Offline jamespetts gb

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Re: New Industry Graphics
« Reply #26 on: August 21, 2013, 06:45:14 PM »
The Hood has a lot of suggestions in his post. If we're extending city buildings to be more than 1x1 then code for replacing will already be there. Only difficulty will be if road layout, monuments or attraction block factor expansion. Landscape could potentially be an issue for both city and rural factories. In all cases I'm thinking opening a warning that a factor is closing down soon might work? Possibly linking to new factory at same time? The new factory could "open" immediately but have 0 production/consumption until the old factory shut down, or it could slowly transfer over or... well, I think it's a case of everyone chipping in ideas. It all depends on citybuilding code being revamped though, and realistically I think that might not be until after we've had a stable release.

That's interesting - are you thinking of adding factory closing generally to Standard?

If we are having new factories built, then I think that there are strong reasons to integrate this code with the city building code: I am in favour generally of integrating industries, attractions and city buildings as closely as possible and discriminating as little as possible between them. On that basis, factories should build and upgrade according to the same criteria and using the same systems as city buildings. In situ upgrades would be preferred, with, where appropriate, neighbouring buildings being demolished to make way for the extended factory, in the same way as with expanding city buildings (where there is space). Where there is no space, it is cleaner, I think, simply to close the factory, or leave it in its non-upgraded state (and perhaps close it if and when a new factory of the same type is built elsewhere, once that new factory is served by transport, at least).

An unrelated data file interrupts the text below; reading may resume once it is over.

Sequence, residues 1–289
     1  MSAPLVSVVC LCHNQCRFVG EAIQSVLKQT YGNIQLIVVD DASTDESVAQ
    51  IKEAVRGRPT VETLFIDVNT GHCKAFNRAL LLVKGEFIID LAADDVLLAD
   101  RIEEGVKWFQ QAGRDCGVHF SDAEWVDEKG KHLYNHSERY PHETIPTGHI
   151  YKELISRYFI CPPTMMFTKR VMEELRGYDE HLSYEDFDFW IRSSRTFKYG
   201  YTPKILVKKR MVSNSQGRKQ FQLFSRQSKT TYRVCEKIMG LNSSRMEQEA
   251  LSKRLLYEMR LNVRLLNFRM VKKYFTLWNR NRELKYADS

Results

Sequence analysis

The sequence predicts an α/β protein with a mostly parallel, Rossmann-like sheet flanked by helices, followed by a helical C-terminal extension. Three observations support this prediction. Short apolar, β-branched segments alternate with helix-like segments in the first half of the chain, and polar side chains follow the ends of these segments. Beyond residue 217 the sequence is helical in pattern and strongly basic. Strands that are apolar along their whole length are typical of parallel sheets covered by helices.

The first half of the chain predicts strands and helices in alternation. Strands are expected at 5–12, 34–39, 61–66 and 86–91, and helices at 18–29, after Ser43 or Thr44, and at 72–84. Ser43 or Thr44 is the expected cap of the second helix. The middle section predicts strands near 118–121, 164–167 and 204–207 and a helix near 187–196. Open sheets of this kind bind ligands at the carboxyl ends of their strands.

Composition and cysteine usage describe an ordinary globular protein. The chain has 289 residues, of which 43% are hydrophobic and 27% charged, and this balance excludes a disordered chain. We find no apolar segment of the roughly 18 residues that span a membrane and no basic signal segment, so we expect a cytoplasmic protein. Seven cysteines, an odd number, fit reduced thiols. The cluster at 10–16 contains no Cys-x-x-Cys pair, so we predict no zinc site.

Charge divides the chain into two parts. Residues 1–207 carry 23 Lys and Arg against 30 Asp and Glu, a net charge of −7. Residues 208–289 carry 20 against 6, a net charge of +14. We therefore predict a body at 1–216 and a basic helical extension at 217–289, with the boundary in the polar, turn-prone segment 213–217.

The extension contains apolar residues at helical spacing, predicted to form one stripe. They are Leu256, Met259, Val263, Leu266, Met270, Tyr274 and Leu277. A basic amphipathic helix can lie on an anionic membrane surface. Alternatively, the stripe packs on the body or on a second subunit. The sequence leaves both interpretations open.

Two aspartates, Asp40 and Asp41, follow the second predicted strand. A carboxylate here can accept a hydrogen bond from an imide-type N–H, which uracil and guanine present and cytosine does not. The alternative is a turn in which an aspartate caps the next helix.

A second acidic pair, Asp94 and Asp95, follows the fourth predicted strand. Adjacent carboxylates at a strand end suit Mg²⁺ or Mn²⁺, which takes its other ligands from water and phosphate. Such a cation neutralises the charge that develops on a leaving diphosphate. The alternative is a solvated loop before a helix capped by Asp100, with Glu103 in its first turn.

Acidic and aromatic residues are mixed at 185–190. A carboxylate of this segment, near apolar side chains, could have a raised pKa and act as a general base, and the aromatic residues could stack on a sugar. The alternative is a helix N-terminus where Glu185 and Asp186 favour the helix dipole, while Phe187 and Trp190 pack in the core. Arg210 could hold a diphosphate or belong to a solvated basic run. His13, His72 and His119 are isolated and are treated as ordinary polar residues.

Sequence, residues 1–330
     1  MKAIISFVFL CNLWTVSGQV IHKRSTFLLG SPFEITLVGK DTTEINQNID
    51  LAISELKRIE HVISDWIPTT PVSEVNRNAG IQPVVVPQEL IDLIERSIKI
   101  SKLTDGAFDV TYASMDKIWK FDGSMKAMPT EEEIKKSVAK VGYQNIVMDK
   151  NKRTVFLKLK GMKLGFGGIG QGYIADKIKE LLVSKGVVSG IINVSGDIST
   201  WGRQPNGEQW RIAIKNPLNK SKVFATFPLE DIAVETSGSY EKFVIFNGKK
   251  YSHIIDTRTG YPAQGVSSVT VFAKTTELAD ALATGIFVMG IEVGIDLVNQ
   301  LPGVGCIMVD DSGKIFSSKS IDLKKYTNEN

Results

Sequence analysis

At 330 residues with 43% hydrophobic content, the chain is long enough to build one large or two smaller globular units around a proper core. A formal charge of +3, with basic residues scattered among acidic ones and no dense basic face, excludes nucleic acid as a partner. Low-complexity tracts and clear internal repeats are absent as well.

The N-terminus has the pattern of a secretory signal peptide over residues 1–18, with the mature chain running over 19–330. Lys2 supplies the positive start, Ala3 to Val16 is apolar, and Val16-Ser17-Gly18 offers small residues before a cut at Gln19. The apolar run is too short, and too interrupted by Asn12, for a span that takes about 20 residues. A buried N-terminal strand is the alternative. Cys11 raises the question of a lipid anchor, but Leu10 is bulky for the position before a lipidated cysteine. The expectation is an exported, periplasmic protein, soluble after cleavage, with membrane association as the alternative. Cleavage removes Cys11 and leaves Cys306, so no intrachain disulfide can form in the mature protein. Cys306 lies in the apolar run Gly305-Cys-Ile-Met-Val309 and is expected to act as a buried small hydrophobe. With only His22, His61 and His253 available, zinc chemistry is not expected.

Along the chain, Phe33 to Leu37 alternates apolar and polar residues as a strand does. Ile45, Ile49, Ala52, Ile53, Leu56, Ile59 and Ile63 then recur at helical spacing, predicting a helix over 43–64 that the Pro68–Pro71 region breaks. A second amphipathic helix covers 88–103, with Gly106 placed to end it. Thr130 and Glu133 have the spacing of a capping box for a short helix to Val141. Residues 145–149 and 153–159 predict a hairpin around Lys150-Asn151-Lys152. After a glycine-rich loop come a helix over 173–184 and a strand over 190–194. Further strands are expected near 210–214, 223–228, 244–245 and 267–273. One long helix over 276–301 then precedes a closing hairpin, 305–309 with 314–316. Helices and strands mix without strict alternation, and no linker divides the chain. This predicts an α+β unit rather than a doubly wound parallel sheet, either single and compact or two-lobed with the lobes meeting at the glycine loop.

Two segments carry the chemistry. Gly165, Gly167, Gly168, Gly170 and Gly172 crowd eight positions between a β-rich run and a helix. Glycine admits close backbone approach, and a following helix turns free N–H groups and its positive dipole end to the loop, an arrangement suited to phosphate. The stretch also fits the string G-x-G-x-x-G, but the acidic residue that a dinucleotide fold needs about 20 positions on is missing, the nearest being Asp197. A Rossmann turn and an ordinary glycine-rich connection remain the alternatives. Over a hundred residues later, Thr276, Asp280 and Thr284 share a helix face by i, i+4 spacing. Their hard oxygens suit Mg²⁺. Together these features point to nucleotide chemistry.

Offline kierongreen

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Re: New Industry Graphics
« Reply #27 on: August 21, 2013, 10:08:36 PM »
Absolutely thinking of linking it in with city building code! Well I think that factory opening/closing should be pakset dependent. For simpler paksets it makes sense to keep industries in the same place. When you start playing a 200 year game in pak128.Britain seeing industries from different eras just seems jarring.

Yes I'd see the old factory closing just wonder whether to give people a bit of warning so as to give them time to reconfigure transport networks. Also, even on larger maps this should not be a regular event. Pakset maintainers should ensure that you'd only get one factory a year or so moving (if that), moving only being done at a major factory upgrade. Minor upgrades and changes in graphics would be the same size, it would only be the larger ones where demolishing nearby buildings and so on would come into the equation.